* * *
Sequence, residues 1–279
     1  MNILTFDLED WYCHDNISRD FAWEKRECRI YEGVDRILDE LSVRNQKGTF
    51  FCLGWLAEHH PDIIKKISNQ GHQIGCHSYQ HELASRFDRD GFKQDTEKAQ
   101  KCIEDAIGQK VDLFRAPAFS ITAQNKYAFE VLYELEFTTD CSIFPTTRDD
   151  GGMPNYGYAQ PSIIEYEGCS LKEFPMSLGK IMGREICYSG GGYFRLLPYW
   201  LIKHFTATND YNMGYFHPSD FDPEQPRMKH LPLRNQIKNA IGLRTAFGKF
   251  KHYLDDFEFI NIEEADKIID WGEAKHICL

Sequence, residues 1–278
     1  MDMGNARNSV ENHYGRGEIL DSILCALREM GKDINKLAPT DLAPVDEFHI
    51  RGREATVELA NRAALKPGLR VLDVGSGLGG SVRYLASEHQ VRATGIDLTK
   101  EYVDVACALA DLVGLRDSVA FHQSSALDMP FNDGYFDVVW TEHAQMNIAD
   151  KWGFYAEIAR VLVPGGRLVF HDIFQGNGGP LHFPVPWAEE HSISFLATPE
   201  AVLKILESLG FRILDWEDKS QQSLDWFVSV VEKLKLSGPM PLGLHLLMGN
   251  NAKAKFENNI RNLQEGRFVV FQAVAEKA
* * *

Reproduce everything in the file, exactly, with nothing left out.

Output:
Sequence, residues 1–279
     1  MNILTFDLED WYCHDNISRD FAWEKRECRI YEGVDRILDE LSVRNQKGTF
    51  FCLGWLAEHH PDIIKKISNQ GHQIGCHSYQ HELASRFDRD GFKQDTEKAQ
   101  KCIEDAIGQK VDLFRAPAFS ITAQNKYAFE VLYELEFTTD CSIFPTTRDD
   151  GGMPNYGYAQ PSIIEYEGCS LKEFPMSLGK IMGREICYSG GGYFRLLPYW
   201  LIKHFTATND YNMGYFHPSD FDPEQPRMKH LPLRNQIKNA IGLRTAFGKF
   251  KHYLDDFEFI NIEEADKIID WGEAKHICL

Sequence, residues 1–278
     1  MDMGNARNSV ENHYGRGEIL DSILCALREM GKDINKLAPT DLAPVDEFHI
    51  RGREATVELA NRAALKPGLR VLDVGSGLGG SVRYLASEHQ VRATGIDLTK
   101  EYVDVACALA DLVGLRDSVA FHQSSALDMP FNDGYFDVVW TEHAQMNIAD
   151  KWGFYAEIAR VLVPGGRLVF HDIFQGNGGP LHFPVPWAEE HSISFLATPE
   201  AVLKILESLG FRILDWEDKS QQSLDWFVSV VEKLKLSGPM PLGLHLLMGN
   251  NAKAKFENNI RNLQEGRFVV FQAVAEKA